The Scottish Archive Network (SCAN) Glossary defines archaic words and phrases, mostly Scots law terminology, commonly found in documents and records in Scotland's archives. If you think a word or phrase should be added to the glossary, or an existing entry could be defined better, please contact us. Since the SCAN project ended, the Dictionary of the Scots Language has gone online at http://www.dsl.ac.uk/, and this should be consulted for Scots words and phrases (including legal terms).
could be poultry or animals paid by a vassal
to a superior as part of a feu-duty,
but was more often poultry, eggs, butter and
such things (even goose-feathers) paid by
a tenant to a landlord as rent
were highly unusual. They held their
tenancies for a low or "favourable"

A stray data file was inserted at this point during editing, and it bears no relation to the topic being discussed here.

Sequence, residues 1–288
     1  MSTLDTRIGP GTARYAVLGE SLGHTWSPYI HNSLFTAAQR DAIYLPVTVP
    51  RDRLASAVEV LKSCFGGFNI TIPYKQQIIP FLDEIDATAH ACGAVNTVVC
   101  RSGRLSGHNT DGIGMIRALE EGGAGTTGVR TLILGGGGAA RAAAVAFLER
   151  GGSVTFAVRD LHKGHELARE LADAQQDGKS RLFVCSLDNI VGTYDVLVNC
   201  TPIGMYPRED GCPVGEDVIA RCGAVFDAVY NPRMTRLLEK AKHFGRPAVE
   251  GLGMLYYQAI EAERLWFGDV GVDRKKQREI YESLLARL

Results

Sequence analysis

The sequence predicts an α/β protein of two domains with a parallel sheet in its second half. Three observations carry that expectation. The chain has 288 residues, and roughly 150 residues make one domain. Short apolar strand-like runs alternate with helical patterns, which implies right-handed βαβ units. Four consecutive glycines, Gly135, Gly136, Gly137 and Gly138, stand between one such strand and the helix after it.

rent (which included paying no rent at all),
and it seems that, unlike normal tenants, it
was understood that they could be succeeded
in their holdings by their heirs. They were
also called "rentallers".
was a sequel;
it was a quantity of grain due to the servants
of a mill (who did the actual milling) by those
who were bound to have their corn ground at
that mill, but like all these sequels it varied
according to the particular custom of the mill;
and gowpen, sucken,